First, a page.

Nick Snelgar head shotEvery morning I wake to the din of a blackbird in a tall roadside Maple. Have I missed something? Some mornings the tractor windscreen is touched with frost – but not many. The temperature wanders around 8 to 10 centigrade, which is hardly wintry. Snowdrops already build up a smooth froth on the south facing banks – and I have seen a russet glow forming on the willow.

I am wrestling with  timber ‘firring pieces.’ Our local joiner has machined down some lengths of 4-by-2 to provide a straight guide for us to lay the floor screed to. The firring tapers from 2” down to 1 1/2” over its length to give the finished floor a slight run, or flow, towards the drain. That’s another local craftsman pulling his weight behind this enterprise.

The International Harvester 574 tractor is due to have its handbrake mended next week. I dare not start milking before the power source is totally reliable. Fortunately I have found someone with the knowledge and the will, and someone with brim-full enthusiasm for the more Bronze Age tractor.  Again, we must – all of us, small-holders and townsfolk alike, marvel at and encourage great men and women engineers and husband/people to continue their vital work in getting us all fed. When the dairy is finished and the fresh milking is gushing through the system, we shall publish a list of everyone who was involved in bringing it off; lets marvel at just who is behind a pint of milk on a supermarket shelf or on a damp doorstep in Hampshire.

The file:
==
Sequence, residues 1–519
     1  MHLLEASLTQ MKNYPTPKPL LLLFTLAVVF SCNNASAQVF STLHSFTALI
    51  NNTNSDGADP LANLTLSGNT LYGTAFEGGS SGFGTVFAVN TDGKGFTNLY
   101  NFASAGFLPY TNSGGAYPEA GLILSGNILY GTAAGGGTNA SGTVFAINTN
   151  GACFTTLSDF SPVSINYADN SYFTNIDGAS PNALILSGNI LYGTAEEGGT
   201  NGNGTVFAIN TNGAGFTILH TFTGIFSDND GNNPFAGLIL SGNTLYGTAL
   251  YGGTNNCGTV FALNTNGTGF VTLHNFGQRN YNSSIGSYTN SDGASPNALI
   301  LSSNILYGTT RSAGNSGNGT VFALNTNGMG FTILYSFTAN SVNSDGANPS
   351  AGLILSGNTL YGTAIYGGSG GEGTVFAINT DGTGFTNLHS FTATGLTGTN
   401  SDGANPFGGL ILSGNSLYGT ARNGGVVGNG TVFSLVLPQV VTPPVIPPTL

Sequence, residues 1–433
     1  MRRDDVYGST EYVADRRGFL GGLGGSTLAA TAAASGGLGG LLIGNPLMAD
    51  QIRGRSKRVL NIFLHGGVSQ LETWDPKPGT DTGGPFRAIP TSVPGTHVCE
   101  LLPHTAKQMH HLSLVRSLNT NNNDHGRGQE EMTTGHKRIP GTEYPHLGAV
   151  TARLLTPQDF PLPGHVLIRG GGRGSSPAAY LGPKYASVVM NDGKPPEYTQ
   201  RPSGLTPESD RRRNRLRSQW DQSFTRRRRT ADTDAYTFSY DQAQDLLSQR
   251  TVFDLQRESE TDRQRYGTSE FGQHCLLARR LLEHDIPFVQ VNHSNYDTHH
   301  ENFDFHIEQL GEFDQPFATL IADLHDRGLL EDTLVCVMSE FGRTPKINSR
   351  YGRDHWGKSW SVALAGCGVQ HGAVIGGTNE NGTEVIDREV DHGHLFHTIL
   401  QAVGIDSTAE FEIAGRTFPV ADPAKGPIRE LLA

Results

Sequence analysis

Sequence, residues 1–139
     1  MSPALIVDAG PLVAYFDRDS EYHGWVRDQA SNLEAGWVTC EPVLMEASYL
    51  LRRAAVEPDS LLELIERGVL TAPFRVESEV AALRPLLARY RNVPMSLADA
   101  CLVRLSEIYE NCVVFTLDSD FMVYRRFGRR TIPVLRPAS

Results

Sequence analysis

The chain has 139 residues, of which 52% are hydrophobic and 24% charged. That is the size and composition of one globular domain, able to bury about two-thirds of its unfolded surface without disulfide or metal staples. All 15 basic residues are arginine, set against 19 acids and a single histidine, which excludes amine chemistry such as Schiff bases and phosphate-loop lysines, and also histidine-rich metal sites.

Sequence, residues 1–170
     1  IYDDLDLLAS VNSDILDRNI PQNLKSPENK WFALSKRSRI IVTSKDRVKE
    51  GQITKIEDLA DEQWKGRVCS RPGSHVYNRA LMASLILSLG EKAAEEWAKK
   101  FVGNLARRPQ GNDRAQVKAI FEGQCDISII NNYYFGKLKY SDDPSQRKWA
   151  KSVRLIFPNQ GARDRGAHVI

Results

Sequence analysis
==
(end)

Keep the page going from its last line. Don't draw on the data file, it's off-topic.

A small farm near us keeps Swiss Brown cows and they process their milk for cheese. I hope to meet them next week and  find out more. I do already feel part of a ‘movement.’

We are in discussions with an energy company to try and find a system to power the dairy entirely from the sun.

Secretary of State Caroline Spellman (D.E.F.R.A) told us last week that her Department used only 18% British food to feed itself - the remaining 82% was sourced from abroad. What sort of example is that for other Departments?

2/16/2012 11:54:46 PM

Nick, welcome to the GRIT blogging world. It sounds like you have some interesting projects in progress. I hope you will share more about their progress. I take you come from across the pond so to speak. I like hearing from folks in other parts of the world. The temperature was about 40 degrees Farinheit here today. That's quite a mild day as well. Our winter has been unusually warm this winter with hardly any snow or freezing temperatures until February. Now it's still on the mild side but the snow and cold is more frequent. Have a great day.

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